Feeds

US Supreme Court to preside over software patents case

Decision could help shift legal handling in code disputes

Next gen security for virtualised datacentres

The US Supreme Court has agreed to hear a patent case which some hope will have a profound effect on the software industry.

The top US court on Friday said that it would review a lower court ruling in the case of Alice vs CLS Bank. The decision, say advocates, could have implications throughout the software industry.

At issue in the case is the ability and extent to which software can be patented under US law. Software developer Alice Corporation claims to have patents regarding financial transaction tools which were challenged by CLS as not being eligible for protections under US patent regulations.

After a US District court issued a mixed verdict, the Supreme Court has agreed to hear the matter in an upcoming session.

According to patent reform advocates, the case represents a hope that the Supreme Court will help to crack down on what have been called "abstract" software patents which cover vague areas and wide swaths of operations.

"We're glad that patent reform has momentum and that policymakers are targeting patent trolls," said Julie Samuels, EFF staff attorney and holder of The Mark Cuban Chair to Eliminate Stupid Patents (seriously). "But the root of that problem, which has largely been missing from the public debate, is patent quality, specifically of software-related inventions

"There can be no doubt: we have a problem with low-quality, abstract software patents in this country," Samuels said.

Fueled by pressure from online rights groups and technology industry lobbyist organizations, the US government has in recent months turned much of its attention to the issue of examining and reshaping intellectual property laws and patent regulations in order to cut down on frivolous and vague infringement claims by patent troll organizations.

Earlier this week, the US House passed a landmark bill which seeks to place new, stricter controls on companies looking to file patent infringement claims. Dubbed the Innovation Act, the bill is a rare legal effort that is being hailed by both industry and user advocacy groups alike. ®

The essential guide to IT transformation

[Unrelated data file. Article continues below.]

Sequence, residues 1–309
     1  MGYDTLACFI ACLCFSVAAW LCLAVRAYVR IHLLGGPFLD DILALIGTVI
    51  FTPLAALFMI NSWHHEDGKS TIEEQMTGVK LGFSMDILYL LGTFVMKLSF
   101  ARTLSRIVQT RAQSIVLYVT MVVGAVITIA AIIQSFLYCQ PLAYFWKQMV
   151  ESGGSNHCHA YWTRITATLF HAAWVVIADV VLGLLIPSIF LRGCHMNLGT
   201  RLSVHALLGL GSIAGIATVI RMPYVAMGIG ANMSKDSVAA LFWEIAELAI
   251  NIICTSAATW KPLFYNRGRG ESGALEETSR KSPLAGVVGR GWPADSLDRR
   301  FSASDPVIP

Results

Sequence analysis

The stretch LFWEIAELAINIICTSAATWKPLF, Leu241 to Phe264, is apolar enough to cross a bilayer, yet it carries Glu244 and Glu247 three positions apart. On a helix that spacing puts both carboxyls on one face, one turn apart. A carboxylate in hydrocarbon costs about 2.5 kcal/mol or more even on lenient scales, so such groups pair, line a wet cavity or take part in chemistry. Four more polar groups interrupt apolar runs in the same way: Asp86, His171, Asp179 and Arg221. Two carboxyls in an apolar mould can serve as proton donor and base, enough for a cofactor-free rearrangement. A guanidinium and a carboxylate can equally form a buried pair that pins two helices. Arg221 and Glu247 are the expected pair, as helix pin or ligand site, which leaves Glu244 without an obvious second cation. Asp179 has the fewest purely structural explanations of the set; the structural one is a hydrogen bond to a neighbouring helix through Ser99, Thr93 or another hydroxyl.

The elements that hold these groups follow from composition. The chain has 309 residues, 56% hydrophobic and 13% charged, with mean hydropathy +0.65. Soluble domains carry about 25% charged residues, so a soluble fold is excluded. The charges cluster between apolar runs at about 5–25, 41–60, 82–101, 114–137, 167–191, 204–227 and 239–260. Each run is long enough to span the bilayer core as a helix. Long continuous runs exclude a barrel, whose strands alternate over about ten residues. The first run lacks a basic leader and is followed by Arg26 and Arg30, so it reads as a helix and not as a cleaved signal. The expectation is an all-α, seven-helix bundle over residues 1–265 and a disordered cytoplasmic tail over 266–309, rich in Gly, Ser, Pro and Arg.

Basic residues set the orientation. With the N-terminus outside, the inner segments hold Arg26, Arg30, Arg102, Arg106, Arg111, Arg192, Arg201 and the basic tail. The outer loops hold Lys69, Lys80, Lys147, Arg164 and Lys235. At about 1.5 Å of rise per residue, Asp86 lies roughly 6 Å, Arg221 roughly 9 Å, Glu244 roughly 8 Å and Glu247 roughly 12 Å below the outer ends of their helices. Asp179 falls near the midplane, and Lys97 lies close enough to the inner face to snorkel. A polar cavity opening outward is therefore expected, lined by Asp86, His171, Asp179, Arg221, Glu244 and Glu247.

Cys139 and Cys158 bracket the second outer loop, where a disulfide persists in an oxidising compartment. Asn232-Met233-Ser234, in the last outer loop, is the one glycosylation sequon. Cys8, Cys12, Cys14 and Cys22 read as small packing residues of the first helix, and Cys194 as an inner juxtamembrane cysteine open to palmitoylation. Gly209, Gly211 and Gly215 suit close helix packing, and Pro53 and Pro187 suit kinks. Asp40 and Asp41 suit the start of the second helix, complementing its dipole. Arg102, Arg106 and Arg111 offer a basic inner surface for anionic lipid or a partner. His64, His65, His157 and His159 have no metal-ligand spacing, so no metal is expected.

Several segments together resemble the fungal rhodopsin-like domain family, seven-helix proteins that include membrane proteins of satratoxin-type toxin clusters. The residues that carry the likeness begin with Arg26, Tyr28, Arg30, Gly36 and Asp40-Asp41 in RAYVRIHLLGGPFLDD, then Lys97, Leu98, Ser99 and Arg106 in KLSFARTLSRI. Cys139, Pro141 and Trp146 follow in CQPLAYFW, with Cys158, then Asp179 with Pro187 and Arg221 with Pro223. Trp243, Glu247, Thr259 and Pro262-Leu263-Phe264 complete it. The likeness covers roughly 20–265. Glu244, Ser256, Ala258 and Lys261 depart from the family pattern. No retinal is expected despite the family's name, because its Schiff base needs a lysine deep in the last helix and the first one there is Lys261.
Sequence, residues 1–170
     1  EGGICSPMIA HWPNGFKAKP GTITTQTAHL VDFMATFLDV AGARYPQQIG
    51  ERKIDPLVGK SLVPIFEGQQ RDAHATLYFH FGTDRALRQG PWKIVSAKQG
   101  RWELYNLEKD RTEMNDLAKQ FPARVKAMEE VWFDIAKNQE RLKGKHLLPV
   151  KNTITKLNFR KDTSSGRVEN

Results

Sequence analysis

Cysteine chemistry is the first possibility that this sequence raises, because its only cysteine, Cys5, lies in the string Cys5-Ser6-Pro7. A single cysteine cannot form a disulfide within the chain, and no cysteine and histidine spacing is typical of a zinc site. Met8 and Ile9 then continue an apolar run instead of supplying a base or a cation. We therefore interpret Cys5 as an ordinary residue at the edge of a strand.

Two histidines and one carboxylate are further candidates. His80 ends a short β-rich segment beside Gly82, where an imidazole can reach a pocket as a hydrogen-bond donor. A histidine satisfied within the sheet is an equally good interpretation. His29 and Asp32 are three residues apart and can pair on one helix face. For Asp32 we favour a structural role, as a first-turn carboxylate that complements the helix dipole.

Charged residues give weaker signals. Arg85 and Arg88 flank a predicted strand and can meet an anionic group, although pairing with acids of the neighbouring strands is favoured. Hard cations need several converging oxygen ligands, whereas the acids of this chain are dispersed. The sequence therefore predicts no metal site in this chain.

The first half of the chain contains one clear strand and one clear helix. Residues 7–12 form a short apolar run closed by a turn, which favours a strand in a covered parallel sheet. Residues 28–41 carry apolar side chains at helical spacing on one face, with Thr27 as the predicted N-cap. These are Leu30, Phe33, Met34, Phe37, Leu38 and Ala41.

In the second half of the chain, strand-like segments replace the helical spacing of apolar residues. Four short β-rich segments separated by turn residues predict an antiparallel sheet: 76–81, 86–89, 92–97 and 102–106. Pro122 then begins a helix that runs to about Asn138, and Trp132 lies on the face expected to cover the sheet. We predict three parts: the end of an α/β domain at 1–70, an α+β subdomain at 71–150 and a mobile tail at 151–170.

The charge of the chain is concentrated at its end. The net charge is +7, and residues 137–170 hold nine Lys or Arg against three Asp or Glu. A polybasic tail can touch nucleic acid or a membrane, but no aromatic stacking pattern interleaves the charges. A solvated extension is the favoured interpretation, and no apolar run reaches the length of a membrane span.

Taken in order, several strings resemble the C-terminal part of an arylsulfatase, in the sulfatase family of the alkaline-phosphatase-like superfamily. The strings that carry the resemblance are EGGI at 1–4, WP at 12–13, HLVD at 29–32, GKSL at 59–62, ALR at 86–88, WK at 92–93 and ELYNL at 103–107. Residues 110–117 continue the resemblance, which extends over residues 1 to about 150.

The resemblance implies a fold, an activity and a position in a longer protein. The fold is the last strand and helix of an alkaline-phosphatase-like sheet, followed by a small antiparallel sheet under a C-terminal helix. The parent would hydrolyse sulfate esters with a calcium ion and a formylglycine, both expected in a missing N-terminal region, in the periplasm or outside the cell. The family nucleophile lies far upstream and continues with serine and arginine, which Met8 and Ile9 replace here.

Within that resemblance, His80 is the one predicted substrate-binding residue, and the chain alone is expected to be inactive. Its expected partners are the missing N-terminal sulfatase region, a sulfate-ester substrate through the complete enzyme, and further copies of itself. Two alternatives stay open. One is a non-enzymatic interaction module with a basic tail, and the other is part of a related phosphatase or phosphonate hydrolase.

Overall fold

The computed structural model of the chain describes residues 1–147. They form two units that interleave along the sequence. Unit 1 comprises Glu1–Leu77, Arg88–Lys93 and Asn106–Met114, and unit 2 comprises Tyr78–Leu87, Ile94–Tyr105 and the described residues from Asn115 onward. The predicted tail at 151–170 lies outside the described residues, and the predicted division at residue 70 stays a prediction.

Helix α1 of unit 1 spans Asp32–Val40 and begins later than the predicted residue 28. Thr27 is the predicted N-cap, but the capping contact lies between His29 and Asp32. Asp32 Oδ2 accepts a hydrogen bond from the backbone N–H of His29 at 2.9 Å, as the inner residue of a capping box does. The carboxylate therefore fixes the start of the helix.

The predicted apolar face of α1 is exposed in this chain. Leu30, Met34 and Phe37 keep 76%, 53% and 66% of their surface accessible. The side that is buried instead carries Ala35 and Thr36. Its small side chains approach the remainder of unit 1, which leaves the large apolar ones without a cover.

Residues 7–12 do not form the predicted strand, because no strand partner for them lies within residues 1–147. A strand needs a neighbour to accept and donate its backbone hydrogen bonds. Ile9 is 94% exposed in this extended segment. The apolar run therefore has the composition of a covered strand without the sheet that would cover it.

More from The Register

next story
Munich considers dumping Linux for ... GULP ... Windows!
Give a penguinista a hug, the Outlook's not good for open source's poster child
UK fuzz want PINCODES on ALL mobile phones
Met Police calls for mandatory passwords on all new mobes
e-Borders fiasco: Brits stung for £224m after US IT giant sues UK govt
Defeat to Raytheon branded 'catastrophic result'
EU justice chief blasts Google on 'right to be forgotten'
Don't pretend it's a freedom of speech issue – interim commish
Yes, but what are your plans if a DRAGON attacks?
Local UK gov outs most ridiculous FoI requests...
Detroit losing MILLIONS because it buys CHEAP BATTERIES – report
Man at hardware store was right: name brands DO last longer
Snowden on NSA's MonsterMind TERROR: It may trigger cyberwar
Plus: Syria's internet going down? That was a US cock-up
UK government accused of hiding TRUTH about Universal Credit fiasco
'Reset rating keeps secrets on one-dole-to-rule-them-all plan', say MPs
Caught red-handed: UK cops, PCSOs, specials behaving badly… on social media
No Mr Fuzz, don't ask a crime victim to be your pal on Facebook
prev story

Whitepapers

5 things you didn’t know about cloud backup
IT departments are embracing cloud backup, but there’s a lot you need to know before choosing a service provider. Learn all the critical things you need to know.
Implementing global e-invoicing with guaranteed legal certainty
Explaining the role local tax compliance plays in successful supply chain management and e-business and how leading global brands are addressing this.
Build a business case: developing custom apps
Learn how to maximize the value of custom applications by accelerating and simplifying their development.
Rethinking backup and recovery in the modern data center
Combining intelligence, operational analytics, and automation to enable efficient, data-driven IT organizations using the HP ABR approach.
Next gen security for virtualised datacentres
Legacy security solutions are inefficient due to the architectural differences between physical and virtual environments.